8 members of the Transpennine Group, led by Robert, enjoyed a 6½ mile winter walk exploring Werneth Low and Etherow Country Park which opened to the public in 1968 incorporating the estate of the former cotton mill in Compstall, Cheshire and surrounding lands at the heart of the Etherow/Goyt Valley.
The term Low is a Northern English word for a hill and we started with a steady ascent for the first 2½ miles which was rewarded with good views. Evidence of Paleolithic and Iron Age settlement has been found on Werneth Low.
Etherow Country Park was one of Britain's first country parks. It is rich in wildlife with over 200 species of plants and some 100 species of birds.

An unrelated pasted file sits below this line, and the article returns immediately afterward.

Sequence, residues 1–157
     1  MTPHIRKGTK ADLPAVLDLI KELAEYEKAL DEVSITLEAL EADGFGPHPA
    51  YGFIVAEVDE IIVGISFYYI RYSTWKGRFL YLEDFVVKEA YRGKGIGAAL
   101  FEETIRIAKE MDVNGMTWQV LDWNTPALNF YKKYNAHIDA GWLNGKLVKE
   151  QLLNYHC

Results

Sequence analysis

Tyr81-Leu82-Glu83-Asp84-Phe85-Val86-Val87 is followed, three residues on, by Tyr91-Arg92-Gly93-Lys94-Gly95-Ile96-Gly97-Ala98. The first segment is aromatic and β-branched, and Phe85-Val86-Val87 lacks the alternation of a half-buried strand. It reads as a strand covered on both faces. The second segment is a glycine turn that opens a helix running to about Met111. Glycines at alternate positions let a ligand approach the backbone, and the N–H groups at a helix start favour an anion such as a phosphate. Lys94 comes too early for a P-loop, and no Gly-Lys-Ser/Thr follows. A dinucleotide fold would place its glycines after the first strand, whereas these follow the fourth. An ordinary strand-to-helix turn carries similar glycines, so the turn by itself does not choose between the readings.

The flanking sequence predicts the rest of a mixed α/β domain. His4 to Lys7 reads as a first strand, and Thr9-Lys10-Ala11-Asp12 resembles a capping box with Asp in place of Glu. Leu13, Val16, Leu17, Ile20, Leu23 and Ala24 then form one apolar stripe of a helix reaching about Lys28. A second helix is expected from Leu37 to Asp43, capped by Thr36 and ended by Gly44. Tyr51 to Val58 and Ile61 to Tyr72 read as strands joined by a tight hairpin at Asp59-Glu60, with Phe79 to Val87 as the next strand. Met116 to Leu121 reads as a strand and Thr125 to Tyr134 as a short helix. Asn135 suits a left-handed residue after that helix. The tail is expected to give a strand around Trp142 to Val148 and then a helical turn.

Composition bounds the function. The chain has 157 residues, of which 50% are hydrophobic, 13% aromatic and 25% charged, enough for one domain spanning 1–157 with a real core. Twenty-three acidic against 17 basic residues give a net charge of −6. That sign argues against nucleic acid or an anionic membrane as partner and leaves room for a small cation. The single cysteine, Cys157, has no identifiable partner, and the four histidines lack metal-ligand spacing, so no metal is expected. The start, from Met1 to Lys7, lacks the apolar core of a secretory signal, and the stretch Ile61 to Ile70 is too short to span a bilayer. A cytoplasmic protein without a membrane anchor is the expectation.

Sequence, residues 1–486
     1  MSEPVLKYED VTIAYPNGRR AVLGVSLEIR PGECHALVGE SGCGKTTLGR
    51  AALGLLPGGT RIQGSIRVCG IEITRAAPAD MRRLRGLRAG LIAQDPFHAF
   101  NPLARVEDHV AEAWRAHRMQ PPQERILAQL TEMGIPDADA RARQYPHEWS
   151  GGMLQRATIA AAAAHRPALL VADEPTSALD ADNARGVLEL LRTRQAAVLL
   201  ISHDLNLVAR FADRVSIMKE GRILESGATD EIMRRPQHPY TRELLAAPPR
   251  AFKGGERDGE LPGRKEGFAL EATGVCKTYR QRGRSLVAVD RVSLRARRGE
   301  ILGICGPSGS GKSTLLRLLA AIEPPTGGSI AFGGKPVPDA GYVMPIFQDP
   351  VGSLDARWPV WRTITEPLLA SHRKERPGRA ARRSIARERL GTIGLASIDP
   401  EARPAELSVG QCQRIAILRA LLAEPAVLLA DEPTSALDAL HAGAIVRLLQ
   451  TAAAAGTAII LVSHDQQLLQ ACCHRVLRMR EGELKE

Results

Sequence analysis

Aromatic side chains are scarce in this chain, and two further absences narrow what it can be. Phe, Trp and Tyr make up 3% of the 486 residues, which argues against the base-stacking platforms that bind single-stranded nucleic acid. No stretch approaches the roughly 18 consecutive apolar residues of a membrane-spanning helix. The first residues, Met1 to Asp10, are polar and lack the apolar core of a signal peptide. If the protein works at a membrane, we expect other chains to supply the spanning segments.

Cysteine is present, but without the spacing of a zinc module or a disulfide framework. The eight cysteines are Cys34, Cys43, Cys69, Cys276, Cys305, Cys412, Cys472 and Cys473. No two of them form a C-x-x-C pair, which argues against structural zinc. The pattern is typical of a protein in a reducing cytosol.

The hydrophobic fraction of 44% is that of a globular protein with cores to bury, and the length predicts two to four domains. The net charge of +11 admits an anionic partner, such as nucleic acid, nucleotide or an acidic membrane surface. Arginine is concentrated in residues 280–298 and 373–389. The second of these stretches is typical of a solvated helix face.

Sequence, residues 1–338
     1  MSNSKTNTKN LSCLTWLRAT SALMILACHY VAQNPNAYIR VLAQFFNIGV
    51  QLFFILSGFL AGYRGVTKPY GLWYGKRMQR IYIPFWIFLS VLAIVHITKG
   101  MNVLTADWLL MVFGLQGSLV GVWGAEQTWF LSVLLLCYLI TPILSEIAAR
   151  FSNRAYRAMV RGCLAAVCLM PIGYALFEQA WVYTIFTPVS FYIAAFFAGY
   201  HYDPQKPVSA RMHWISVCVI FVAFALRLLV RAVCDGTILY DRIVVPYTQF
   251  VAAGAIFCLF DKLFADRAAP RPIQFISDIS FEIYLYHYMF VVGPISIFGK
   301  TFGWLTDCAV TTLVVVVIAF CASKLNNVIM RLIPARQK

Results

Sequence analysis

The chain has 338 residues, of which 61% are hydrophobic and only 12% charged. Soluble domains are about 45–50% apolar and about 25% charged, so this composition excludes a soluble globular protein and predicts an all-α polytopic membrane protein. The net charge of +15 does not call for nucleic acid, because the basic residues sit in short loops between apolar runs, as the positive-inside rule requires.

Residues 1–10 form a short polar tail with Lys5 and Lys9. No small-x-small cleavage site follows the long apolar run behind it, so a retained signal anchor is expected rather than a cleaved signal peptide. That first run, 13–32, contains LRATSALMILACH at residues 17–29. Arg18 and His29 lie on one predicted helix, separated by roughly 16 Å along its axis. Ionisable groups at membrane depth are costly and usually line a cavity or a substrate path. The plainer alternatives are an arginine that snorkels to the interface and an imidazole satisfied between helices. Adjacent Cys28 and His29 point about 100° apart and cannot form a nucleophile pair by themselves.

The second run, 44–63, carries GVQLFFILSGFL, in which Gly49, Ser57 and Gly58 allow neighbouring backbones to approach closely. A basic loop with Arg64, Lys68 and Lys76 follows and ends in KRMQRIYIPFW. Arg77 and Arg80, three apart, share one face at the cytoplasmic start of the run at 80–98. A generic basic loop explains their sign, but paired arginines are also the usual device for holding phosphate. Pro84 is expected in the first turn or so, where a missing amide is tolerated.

The village of Compstall was a small hamlet that was transformed by the industrial revolution when it's cotton mill opened in the 1820's. Water power was used initially followed by steam at a later stage. Coal was mined for this in Ernocroft Wood nearby. Some 200 homes were built by the mill owner to house 800 workers and many of the original cottages and other structures remain unchanged.